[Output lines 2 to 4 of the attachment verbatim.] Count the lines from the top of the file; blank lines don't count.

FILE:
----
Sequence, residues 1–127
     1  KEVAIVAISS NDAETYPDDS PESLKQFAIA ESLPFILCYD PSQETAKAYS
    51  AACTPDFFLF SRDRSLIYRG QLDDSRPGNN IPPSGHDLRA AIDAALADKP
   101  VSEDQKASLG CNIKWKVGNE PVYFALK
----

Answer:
     1  KEVAIVAISS NDAETYPDDS PESLKQFAIA ESLPFILCYD PSQETAKAYS
    51  AACTPDFFLF SRDRSLIYRG QLDDSRPGNN IPPSGHDLRA AIDAALADKP
   101  VSEDQKASLG CNIKWKVGNE PVYFALK